The Supreme Court of Canada ruled in favour of the AER and Orphan Well Association’s (OWA’s) appeal of the Redwater decision. While we are pleased with the Supreme Court’s decision, we know we must change the way we manage liability to ensure that end-of-life obligations are addressed in order to continue protecting Albertans, our environment, and our province’s many responsible operators.
From the May 2016 Redwater decision until January 30, 2019, receivers and trustees involved in 28 insolvencies renounced their interest in more than 10 000 AER-licensed sites (wells, facilities, and pipelines) with deemed liabilities of almost $335 million. In that same period, the OWA’s inventory of wells increased more than 300 per cent from 768 to 3100.
The receiver for Redwater has been directed to prepare a plan to address Redwater’s end-of-life obligations with the funds that have been placed in trust.
We recognize that funds are limited in many insolvency cases and that there may not be enough to fully address all end-of-life obligations, which reinforces the need for further changes. To address this, we are currently working on an improved liability management framework that we believe will strengthen our existing system.
Addressing end-of-life obligations is essential for responsible energy development. We are committed to working collaboratively with receivers, trustees, and other stakeholders to find the best path forward to ensure that liabilities are addressed while enabling responsible development.
Since the ruling, we have met with receivers and trustees involved in active insolvencies to determine how best to mitigate impacts associated with each unique situation.
We know that the ruling has created uncertainty within the lending community and want to make sure that we understand their concerns. We plan to meet with lenders to discuss a path forward for future insolvencies, while ensuring end-of-life obligations are addressed to the greatest extent possible.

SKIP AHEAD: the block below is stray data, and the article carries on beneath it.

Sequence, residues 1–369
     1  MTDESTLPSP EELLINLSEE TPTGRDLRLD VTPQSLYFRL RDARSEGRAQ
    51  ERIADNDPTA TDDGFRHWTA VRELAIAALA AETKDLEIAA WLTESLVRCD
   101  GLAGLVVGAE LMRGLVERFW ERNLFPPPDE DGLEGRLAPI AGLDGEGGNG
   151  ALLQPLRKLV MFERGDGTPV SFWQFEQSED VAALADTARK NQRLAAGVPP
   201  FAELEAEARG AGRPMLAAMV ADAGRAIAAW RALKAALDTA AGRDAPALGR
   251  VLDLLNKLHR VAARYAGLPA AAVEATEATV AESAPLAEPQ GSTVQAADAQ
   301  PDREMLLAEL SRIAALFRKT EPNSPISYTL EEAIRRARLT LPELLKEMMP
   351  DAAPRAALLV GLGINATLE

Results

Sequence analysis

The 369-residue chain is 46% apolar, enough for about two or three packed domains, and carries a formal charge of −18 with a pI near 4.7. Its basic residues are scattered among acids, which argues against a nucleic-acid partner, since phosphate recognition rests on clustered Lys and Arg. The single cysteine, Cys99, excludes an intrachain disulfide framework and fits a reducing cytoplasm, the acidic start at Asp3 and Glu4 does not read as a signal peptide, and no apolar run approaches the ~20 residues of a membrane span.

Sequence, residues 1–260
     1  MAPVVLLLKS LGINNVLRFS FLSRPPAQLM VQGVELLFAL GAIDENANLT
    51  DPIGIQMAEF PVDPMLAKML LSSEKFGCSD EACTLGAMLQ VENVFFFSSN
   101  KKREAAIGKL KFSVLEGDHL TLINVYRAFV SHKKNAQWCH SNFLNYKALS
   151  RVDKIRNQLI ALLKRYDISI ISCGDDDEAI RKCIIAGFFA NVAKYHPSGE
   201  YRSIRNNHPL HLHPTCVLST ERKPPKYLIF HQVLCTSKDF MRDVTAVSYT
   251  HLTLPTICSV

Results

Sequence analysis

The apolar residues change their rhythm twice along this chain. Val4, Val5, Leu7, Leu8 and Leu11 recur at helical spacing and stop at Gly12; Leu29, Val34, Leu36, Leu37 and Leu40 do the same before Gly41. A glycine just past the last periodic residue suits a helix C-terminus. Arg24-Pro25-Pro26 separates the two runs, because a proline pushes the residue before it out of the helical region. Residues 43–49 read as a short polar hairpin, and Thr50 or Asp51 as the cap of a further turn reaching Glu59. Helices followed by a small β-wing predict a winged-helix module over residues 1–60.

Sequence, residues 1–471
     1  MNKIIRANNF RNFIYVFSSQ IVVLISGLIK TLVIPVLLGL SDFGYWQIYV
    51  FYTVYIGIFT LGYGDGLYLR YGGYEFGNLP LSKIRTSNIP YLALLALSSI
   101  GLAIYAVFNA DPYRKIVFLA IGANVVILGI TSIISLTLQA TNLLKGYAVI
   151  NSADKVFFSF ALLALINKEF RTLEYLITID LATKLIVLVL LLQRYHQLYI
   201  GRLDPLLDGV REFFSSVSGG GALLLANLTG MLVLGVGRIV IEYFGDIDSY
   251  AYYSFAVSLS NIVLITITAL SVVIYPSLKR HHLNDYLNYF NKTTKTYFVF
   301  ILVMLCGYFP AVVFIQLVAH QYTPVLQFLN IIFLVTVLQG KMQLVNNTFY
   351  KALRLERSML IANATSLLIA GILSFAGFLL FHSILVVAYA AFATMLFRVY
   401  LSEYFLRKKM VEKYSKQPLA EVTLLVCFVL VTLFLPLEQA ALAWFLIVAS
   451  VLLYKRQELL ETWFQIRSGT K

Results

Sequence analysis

We will share more information as our process continues.
What was the Redwater Decision?
The 2016 Alberta Court of Queen’s Bench Redwater decision and the Alberta Court of Appeal decision, which were both overturned by the Supreme Court, would have allowed receivers and trustees of insolvent oil and gas companies to renounce (also referred to as “disclaim”) unprofitable assets and avoid a company’s end-of-life obligations. This would have allowed creditors to avoid legislative requirements that licensees would have had to follow if they were not in receivership or bankruptcy.
The AER released a public statement after the Alberta Court of Queen’s Bench decision in May 2016, and another in April 2017 after the Alberta Court of Appeal upheld the decision. We then took the fight all the way to the Supreme Court of Canada, which announced in November 2017 that it would hear our appeal.
The Supreme Court determined that the AER was not a creditor and that while receivers and trustees are not personally liable for addressing end-of-life obligations, they cannot simply walk away from the environmental obligations of the debtor company they are appointed over. A key point in the ruling was that a receiver or trustee is considered a licensee and must meet regulatory obligations. The court also found no conflict between the Bankruptcy and Insolvency Act and provincial legislation.
Check out our July 2018 Resource article explaining why taking the case to the Supreme Court of Canada was so important.
A Timeline of the Redwater Decision
|May 17, 2016||The Court of Queen’s Bench of Alberta issues its decision (the Redwater decision) on the AER’s challenge to Grant Thornton Limited’s (the receiver) ability to disclaim energy-industry liabilities.|
|May 27, 2016||The AER files an appeal of the Court of Queen’s Bench of Alberta ruling.|
|April 24, 2017||The Alberta Court of Appeal denies the AER’s appeal of the Redwater decision.|
|April 28, 2017||The AER announces that it is seeking leave to appeal to the Supreme Court of Canada.|
|July 4, 2017||The AER and OWA request leave to appeal to the Supreme Court of Canada.|
|November 9, 2017||The Supreme Court of Canada agrees to hear the AER’s appeal.|
|February 15, 2018||The AER and OWA appeal of the Redwater decision is heard by the Supreme Court of Canada.|
|January 31, 2019||The Supreme Court of Canada issues its ruling, overturning the Redwater decision.|
Aging-Infrastructure Video Series
Check out our new video series that walks you through the life cycle of a well and outlines how the AER works with other agencies to protect the environment and Albertans. Stay tuned for new additions to the series. We also have a Resource article about a new technology that is making cleaning up energy infrastructure much easier.